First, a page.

This month, Mayor Rahm Emanuel announced the installation of the 60th operating tower crane in 2017, as well as another post-recession record of building permits issued in a single calendar year.
The numbers may seem wonky to those outside of the construction industry, but Chicago’s ongoing construction boom translates to thousands of available units for downtown renters and increasing competition among developers to ink new leases. Downtown Chicago renters have more options than ever, and thousands of new apartment units for the city’s dense central neighborhoods are in the pipeline for 2018 and 2019.
But is it too much?
In a guide published earlier this year highlighting new residential construction—specifically rental developments—brokerage Luxury Living Chicago estimated that roughly 6,600 new apartments were slated to be delivered in 2017 alone. The majority of these new rental developments have been completed in recent months, while the remainder should be available to lease by early next year, according to Luxury Living's CEO and founder, Aaron Galvin.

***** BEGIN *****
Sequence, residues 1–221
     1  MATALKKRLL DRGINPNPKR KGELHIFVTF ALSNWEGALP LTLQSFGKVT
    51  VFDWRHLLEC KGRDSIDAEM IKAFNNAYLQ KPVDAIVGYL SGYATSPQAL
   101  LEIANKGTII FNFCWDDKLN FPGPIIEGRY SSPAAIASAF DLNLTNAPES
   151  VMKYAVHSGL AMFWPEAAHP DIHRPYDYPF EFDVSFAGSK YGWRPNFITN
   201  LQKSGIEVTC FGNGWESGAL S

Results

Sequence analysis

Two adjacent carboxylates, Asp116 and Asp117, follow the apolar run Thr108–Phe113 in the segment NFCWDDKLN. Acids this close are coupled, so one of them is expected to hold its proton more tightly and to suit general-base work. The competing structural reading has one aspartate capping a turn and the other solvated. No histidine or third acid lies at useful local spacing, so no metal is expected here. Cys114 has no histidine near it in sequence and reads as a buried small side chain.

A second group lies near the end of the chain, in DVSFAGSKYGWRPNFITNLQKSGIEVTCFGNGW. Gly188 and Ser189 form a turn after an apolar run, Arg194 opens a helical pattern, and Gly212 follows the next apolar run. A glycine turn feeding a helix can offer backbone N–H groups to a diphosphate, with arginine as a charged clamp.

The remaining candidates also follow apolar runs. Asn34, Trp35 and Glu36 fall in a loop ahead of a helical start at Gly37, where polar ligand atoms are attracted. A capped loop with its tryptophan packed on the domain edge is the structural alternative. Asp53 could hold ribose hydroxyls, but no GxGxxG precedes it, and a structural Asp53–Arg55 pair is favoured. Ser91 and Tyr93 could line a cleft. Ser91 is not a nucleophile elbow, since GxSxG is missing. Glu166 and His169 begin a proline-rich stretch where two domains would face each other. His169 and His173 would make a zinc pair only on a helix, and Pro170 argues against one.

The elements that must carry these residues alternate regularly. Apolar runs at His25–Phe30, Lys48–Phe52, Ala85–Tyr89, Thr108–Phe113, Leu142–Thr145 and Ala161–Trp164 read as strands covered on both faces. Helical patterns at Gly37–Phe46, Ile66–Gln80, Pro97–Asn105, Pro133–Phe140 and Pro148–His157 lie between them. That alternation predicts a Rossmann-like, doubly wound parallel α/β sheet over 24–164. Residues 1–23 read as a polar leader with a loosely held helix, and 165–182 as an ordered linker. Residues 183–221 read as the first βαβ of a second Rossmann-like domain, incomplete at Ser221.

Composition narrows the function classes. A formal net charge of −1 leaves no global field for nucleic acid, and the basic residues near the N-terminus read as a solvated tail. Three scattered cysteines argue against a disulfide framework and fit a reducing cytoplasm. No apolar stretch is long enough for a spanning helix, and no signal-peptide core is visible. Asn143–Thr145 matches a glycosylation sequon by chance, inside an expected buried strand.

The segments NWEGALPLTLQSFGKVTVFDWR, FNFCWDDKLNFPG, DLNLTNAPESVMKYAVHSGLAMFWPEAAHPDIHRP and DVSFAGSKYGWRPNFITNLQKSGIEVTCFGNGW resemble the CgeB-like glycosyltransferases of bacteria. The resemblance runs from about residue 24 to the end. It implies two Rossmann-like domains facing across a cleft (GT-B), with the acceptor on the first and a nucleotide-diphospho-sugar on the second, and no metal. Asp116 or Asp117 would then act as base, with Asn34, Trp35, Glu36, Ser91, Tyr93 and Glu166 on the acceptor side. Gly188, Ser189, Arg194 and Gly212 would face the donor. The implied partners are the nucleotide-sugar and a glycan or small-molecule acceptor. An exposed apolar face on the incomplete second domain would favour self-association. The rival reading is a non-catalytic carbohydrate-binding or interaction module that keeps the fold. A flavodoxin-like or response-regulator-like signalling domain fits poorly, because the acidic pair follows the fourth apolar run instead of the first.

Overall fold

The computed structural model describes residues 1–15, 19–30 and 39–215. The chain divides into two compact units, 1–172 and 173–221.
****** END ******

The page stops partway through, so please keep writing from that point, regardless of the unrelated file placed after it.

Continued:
“We’re at a point that when we hit March 2018, we will see the highest vacancy of new downtown apartments since this development cycle,” Galvin says. “We’re expecting to see roughly 5,000 vacant apartments in downtown Chicago in the first quarter of 2018.” By "vacant," he clarifies, he means brand-new apartments—it's possible some of them are leased out already.
But there is one indicator that people aren't snapping up these new rental units as quickly as developers might hope: Some are offering one to two months free rent and immediate move-ins. In fact, apartment guide YoChicago has advertised some developments that are offering three months of free rent to new tenants.
Downtown developments currently offering free rent concessions include 640 North Wells in River North, Optima Signature in Streeterville, Emme in the West Loop, The Lex in the South Loop, and the Linkt Apartments on Milwaukee Avenue.
What does that mean for the construction boom? Galvin says that developers will shift their efforts attention away from River North, where the glut is worst, to other downtown neighborhoods like the West Loop and South Loop. He predicts that developers will continue moving up Milwaukee Avenue toward Wicker Park and Logan Square, to lure upscale renters who prefer to live in the neighborhoods.
Even with major concessions from developers, Galvin says that free rent isn’t going to be the only thing that attracts and retains renters. “Those that are going to win are the ones offering the highest level of service,” Galvin says. “It’s about how you’re working with renters, emphasizing the amount of choice they have, the amenities being offered, and the authenticity of providing a home—because these new apartments are going to be people's homes.”